Everyone has stories of how they have been treated poorly by other nationalities. It brings out unfortunate comparisons with our own ethnic group, and at best leaves us feeling slightly smug and superior. At worst it degenerates into racist slurs. I recall hearing such talk before we went to Germany. Ever mindful of our responsibility as parents to teach our children differently, all five of us enrolled in German school for a year before we left, and learned to appreciate not only the language, but the culture of Germany as well.

During our year in Kandern we were constantly struck by the gentle courtesy of our neighbours, their genuine love for nature, their cleanliness, and their grief and sense of shame for the horrors their country had unleashed on Europe in the last war. The war changed forever the way they saw themselves and their responsibility to their neighbours. It is terrible to think of the price of that lesson, but encouraging to hear of their self-recognition and their genuine humility.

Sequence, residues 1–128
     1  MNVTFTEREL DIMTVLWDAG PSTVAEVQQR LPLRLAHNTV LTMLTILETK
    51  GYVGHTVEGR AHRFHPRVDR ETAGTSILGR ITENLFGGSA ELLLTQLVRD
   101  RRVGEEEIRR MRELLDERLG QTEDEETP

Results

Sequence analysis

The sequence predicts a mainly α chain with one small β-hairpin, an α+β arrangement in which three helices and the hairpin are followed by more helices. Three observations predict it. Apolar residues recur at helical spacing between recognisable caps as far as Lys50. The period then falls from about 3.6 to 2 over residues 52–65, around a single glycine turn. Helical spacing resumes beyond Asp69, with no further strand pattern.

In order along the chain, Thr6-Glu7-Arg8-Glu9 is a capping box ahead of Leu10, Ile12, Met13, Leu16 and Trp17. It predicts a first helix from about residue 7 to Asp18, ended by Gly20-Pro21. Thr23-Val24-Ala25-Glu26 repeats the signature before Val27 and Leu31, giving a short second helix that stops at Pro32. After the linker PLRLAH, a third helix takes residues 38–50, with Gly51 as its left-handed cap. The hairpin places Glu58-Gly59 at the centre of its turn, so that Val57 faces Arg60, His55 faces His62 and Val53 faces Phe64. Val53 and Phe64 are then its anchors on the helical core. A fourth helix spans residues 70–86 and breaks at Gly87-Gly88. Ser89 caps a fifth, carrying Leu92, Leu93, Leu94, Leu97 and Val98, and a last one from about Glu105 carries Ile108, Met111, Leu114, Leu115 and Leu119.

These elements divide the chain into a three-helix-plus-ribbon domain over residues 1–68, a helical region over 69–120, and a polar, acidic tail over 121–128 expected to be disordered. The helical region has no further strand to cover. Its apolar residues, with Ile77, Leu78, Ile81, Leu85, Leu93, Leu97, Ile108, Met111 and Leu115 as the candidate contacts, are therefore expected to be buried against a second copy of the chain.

We heard our share of slander about South-East Asia before we came here as well. I won’t indulge in any stereotypes by citing examples, for I’m sure you’ve heard them as well. Let me just say, as we close in on the end of our second year here, that you would be hard pressed to find people as gracious and considerate in any part of the world as we have found here. From our rental agent and her husband who drive us to church every Sunday, to the total stranger who bought our lunch in Singapore when he saw us struggling over the menu, Asians are almost invariably considerate.

On our last trip to the airport we made a casual comment regarding the music video the driver was playing for our entertainment on his in-cab viewer. Before he would let us go he had pressed all five of his current music videos into our hands and insisted that he take no money in exchange. He was simply pleased that we had appreciated his efforts. We were both humbled and embarrassed by his gesture and determined to be more careful about our admiration for what belongs to others in the future.

Asia may be crowded, and in places extremely poor and deprived. Their sanitation is not up to snuff and their infrastructure is overburdened and often inadequate. But for all that they could teach us in the West a thing or two about treating others with courtesy and consideration. That is to say, if it is not too late for us to learn.